Despite the high entertainment factor, the Mini JCW is a difficult car to recommend. For a start, the ride is rather stiff, which makes it a difficult car to exploit and enjoy on Irish roads, and the Clubman really isn't any more comfortable despite the longer wheelbase. (In fact, the Clubman proved to be a lot less exciting and engaging to drive than the short version, for some odd reason). Secondly, it's massively expensive at €39,495. Granted, you get a bodykit, air conditioning, 17-inch alloy wheels and a host of other features are standard, but you'd expect better value from a hot hatch with CO2 emission levels low enough to qualify it for VRT Band D. A Ford Focus ST or VW Golf GTI both undercut it on price and offer similarly enjoyable driving experiences with considerably better ride quality and vastly more practicality. Perhaps the most irritating aspect of owning a Mini JCW would be having to explain to people that it's not a Mini fitted with JCW accessories but a standalone model. In the 1960s, a Mini Cooper wasn't just a badge on the arse; it was a standard Mini factory fitted with Cooper parts. Those who couldn't stretch to a Cooper or a Cooper S bought bolt-on Cooper Works parts for their boggo model but they didn't own an official Cooper model. Life was simple. Following this launch, you have a Mini Cooper, Mini Cooper S (neither of which have anything to do with John Cooper), a Mini Cooper or Cooper S fitted with JCW parts and the Mini John Cooper Works which shares its badges, though not many parts, with the modified standard cars. It's badge milking run amok.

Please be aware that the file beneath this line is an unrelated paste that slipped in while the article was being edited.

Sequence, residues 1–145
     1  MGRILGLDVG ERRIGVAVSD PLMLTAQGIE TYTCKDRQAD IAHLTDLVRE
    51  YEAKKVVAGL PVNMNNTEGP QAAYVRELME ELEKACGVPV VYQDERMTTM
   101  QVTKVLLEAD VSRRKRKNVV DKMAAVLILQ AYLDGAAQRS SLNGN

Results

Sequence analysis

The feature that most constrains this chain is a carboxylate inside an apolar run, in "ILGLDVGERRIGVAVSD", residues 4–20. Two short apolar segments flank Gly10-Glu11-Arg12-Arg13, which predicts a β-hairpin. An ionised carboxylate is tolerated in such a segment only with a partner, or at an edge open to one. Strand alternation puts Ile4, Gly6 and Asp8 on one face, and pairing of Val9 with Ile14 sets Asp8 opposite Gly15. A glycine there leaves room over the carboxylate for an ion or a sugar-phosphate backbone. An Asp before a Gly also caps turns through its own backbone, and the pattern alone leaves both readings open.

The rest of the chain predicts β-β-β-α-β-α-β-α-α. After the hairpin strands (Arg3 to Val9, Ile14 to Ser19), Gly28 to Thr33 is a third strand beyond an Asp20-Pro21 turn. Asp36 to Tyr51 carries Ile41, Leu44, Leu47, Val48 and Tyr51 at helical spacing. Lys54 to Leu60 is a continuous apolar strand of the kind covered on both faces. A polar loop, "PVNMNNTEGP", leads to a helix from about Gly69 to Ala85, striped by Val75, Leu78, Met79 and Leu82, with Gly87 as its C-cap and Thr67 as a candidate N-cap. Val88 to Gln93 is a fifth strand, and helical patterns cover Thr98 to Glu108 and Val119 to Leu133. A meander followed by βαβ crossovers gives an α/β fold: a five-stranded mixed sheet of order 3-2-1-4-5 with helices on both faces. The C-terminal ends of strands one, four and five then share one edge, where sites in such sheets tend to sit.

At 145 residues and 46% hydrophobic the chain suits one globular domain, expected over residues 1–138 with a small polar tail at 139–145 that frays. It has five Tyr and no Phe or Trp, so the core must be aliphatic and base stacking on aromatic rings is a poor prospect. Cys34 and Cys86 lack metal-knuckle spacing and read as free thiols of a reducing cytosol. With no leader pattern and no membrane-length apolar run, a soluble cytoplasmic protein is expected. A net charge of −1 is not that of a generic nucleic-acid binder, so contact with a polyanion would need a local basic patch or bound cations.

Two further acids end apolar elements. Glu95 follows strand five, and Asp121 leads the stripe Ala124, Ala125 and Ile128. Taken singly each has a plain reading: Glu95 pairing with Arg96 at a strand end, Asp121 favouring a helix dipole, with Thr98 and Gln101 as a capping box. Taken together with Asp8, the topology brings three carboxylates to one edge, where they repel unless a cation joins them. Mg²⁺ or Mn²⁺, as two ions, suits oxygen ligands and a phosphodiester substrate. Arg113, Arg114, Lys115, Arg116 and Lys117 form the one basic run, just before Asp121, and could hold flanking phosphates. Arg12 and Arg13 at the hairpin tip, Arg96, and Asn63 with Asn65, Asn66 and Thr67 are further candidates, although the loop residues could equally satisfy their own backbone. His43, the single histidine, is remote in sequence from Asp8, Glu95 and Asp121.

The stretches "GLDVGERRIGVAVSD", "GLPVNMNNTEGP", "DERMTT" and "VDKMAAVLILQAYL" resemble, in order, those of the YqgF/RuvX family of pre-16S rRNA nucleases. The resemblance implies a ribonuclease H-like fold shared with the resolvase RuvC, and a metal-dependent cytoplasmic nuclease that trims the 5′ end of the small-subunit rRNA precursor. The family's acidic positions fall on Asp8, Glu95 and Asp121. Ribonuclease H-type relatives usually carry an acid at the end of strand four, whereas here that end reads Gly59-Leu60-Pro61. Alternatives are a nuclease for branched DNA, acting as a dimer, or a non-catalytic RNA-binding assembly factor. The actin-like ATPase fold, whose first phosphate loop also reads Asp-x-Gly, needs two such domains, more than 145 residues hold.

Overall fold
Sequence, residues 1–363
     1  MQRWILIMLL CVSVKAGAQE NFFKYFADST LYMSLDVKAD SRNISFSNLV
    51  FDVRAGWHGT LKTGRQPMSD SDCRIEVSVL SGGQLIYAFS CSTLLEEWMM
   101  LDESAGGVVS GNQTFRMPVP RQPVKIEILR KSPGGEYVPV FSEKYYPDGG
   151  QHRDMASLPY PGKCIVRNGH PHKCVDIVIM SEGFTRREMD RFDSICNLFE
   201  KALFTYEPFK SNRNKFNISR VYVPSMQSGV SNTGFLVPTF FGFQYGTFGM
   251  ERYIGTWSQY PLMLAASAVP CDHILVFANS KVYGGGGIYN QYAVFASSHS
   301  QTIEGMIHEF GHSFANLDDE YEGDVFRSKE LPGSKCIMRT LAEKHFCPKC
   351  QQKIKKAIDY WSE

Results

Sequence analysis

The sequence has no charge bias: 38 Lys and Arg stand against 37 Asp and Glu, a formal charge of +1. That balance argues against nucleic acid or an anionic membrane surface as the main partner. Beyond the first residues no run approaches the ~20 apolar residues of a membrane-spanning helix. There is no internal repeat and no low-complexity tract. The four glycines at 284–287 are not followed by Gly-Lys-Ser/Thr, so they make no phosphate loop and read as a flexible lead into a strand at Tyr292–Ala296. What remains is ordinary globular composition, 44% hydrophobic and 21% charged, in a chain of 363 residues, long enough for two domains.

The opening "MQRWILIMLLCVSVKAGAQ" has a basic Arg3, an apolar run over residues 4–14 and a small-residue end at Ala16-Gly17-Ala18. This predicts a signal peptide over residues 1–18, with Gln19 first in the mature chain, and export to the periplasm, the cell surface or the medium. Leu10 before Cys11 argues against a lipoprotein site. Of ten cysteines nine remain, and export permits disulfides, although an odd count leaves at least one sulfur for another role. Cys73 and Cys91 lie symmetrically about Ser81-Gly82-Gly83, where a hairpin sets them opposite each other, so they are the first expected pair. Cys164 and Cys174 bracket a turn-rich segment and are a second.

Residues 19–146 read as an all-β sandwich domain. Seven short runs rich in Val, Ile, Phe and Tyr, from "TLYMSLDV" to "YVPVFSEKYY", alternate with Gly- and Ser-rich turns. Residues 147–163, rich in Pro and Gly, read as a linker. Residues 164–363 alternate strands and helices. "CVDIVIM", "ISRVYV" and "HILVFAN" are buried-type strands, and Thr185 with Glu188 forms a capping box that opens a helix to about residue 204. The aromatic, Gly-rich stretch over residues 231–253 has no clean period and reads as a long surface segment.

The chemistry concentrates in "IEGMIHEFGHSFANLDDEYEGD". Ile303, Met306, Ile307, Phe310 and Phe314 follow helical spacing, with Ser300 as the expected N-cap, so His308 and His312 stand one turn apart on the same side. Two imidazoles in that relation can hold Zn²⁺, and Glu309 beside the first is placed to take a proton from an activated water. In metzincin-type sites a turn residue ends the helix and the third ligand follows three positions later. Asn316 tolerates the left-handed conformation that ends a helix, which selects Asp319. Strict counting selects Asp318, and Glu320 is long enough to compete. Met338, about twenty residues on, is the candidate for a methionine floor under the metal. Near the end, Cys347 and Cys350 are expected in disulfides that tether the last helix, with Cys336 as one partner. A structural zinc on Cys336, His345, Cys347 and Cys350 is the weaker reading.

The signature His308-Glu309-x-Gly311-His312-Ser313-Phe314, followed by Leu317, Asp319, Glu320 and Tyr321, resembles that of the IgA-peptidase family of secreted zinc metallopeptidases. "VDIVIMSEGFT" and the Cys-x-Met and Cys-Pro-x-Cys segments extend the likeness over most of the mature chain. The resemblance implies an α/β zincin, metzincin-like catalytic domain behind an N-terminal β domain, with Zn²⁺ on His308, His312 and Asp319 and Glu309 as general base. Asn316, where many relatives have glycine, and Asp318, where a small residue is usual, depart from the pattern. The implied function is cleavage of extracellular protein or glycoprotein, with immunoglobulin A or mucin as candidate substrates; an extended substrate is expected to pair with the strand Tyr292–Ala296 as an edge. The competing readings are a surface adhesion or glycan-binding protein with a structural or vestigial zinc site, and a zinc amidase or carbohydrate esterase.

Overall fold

Personally, I'd be happier with the standard 175hp Cooper S fitted with a Chilli pack, a limited slip differential and a JCW exhaust system because even when you kit it up to the levels of the Mini Cooper Works it's still a whopping seven grand cheaper. You'll have the look, the badge, a proper differential and it's only 0.6 seconds slower to 100km/h. The factory Mini John Cooper Works definitely takes things up a notch over the standard Cooper S but charging 25 percent more for the privilege is a bit rich. It's even cheekier than inviting us all to Donington Park only to direct us to a coned-off car park instead.